of right arm from upper to lower end.
5. Abraded contusion 3 cm x 2 cm over back of right elbow.
6. Contusion 4 cm x 3 cm over dorsum of right hand.
7. Multiple abraded contusion in area of 6 cm x 1.7 cm over of left
8. Multiple abraded contusions in an area of 25 cm x 8 cm over back and
anterior aspect of left arm, from shoulder to elbow.
9. Two lacerated wounds-one 3 cm x 5 cm x 6 cm deep and other 2 cm x 5 cm x
bone deep over back of left forearm in upper third.
10. Abraded contusion 10 cm x 4 cm area over back of left forearm.
11. Contusion 6 cm x 4 cm over dorsum of left hand and left ring finger is
12. Multiple contusions in an area of 36 cm x 11 cm over outer aspect of
left thigh and left buttock placed parallel to each other and two parallel
lines in every contusion.
13. Multiple lacerated wounds in an area of 21 cm x 5 cm x bone deep over
front of left leg.
14. Lacerated wound 1 cm x 1 cm x 6 cm deep outer aspect of left knee.
15. Multiple contusions in an crea of 6 cm x 2 cm over back of leg in upper
16. Lacerated wound 4 cm x 1.5 cm x bone deep over front of right led in
middle and both bones are fractured.
17. Contusion 4 cm x 3 cm over outer aspect of right knee.
18. Contusion 2 cm x 1 cm right side chest 9 cm from nipple at 5 '0' clock
19. Multiple contusions in an area of 43 cm x 26 cm over whole of back from
shoulder to waist placed parallel and obliquely. Two parallel lines seen in
4. On internal examination, he found parietal bone and axillary bone
fractured and brain and membrane congested.
Blood present around the membrane. Heart was full on right side with blood
whereas it was empty on left side. Stomach and small intestines were empty
whereas large intestine was half full. Death was due to shock and haemorrhage
resulted through antemortem injuries. He proved postmortem examination report
Ex. Ka. 1 and he had sent the same alongwith blood stained shirts and underwear
of the deceased in a sealed packet to the Investigating Officer. In his opinion
the injuries and death of the deceased was possible at 12-4- 1978 at about 7-8
A.M. through iron rod, spade and Kassi.
5. After the investigation was completed charge sheet was filed. But the
accused persons pleaded innocence and claimed to be tried. Five witnesses were
examined to further the prosecution version. Smt. Mango (PW-1) widow of the
deceased, Chhotey (PW-2) brother of wife of the deceased and Mukhtar Ahmad
(PW-3) son of the deceased were stated to be eye witnesses. The trial Court
found the evidence of PWs 1, 2 and 3 to be credible and cogent and convicted
the respondents as afore-stated.
6. In appeal, the High Court analysed the evidence to hold that the
prosecution has failed to establish its accusations.
Accordingly, the judgment of acquittal was passed.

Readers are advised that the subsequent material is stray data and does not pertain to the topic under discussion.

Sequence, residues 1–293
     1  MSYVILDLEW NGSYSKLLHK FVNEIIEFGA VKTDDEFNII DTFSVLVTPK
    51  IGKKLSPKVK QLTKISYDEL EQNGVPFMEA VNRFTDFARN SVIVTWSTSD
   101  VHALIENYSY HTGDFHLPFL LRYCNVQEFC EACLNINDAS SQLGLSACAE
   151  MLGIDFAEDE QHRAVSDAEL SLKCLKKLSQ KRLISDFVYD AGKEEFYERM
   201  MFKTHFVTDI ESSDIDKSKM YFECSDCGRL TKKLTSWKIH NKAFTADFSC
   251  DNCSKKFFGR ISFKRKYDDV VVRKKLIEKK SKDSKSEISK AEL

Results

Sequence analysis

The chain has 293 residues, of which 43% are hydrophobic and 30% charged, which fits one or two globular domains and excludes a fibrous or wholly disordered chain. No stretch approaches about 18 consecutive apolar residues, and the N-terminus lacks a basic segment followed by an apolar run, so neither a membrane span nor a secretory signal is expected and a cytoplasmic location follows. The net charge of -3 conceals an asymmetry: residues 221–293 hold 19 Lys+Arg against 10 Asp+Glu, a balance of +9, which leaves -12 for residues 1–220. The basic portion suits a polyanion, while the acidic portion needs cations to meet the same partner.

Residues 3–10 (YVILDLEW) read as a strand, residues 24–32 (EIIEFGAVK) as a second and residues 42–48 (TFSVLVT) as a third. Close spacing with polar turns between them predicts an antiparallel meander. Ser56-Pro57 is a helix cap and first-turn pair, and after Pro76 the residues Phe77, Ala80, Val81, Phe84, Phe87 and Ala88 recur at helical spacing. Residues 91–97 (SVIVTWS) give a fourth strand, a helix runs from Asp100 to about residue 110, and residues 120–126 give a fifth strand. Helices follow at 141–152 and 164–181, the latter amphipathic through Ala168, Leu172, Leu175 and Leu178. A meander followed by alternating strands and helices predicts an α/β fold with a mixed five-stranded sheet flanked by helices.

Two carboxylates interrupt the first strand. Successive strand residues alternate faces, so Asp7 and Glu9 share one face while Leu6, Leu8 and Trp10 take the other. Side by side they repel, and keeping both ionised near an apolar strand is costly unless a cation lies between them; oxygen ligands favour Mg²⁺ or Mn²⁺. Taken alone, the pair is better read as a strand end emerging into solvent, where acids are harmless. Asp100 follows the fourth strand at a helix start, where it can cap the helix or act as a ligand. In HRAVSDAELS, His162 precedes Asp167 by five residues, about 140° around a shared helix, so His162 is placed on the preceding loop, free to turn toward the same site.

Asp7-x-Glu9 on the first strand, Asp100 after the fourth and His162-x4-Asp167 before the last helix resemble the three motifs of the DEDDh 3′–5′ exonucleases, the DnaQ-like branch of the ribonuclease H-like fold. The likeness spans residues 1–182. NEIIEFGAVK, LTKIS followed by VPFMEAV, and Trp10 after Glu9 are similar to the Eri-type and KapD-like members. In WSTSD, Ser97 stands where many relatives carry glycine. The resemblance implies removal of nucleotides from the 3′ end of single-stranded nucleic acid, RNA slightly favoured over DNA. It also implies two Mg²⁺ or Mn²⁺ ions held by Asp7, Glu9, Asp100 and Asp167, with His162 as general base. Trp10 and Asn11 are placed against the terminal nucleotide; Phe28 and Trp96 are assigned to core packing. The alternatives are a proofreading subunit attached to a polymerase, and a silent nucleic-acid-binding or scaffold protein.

7. In support of the appeal, learned counsel for the appellant-State
submitted that the evidence of PWs 1, 2 and 3 leaves no manner of doubt that
the respondents were the assailants and the trial Court had rightly convicted
8. Learned counsel for the respondents on the other hand supported the
judgment of acquittal.
9. As rightly noted by the High Court the fate of the case depends on the
acceptability of the evidence of PWs 1, 2 and 3.
PW-1 partially resiled from her statement made during investigation.
According to her, she saw the assailants from a distance of one mile.
Sugarcanes were standing in the field which intervened between the place where
she was and the field where the incident occurred. She accepted that she had
not herself seen the assault but saw the accused persons while they were making
their escape towards the jungle. As noted above, she claimed to have seen them
running from a distance of one mile. She further admitted that in between the
village and her field the number of fields were situated where sugarcane and
wheat crops were standing.
10. PW-2 stated that he had also seen the accused persons committing the
assaults. But in the cross examination he admitted that he had come to the
place when the assault was over and he had seen the accused persons running
towards the jungle in the sugarcane field. He accepted that he was with PW 1.
11. PW-3 was a child of 9 years at the time of incident. He also admitted to
have seen the accused persons running away with their backs towards him
standing near his mother.
12. The evidence of PWs 1, 2 and 3 clearly indicated that they were far away
from the field where the alleged incident took place. The High Court noted that
identification was practically impossible from such a large distance
particularly when the field was obstructed by standing crops of sugarcane which
were not less than 6-7 ft in height. The High Court therefore rightly observed
that they could not have seen the assaults not only because of the distance but
because of the presence of heights of crops of sugarcane. Additionally, though
all the witnesses stated that the accused persons were carrying sharp cutting
weapons and rods, not even one injury was an incised one. All the injuries were
either lacerated wounds or contusion.
13. In view of the total discrepant nature of the evidence the High Court
has rightly discarded the prosecution version and set aside the conviction. We
find no reason to interfere with the conclusions of the High Court. The appeal
fails and is dismissed accordingly.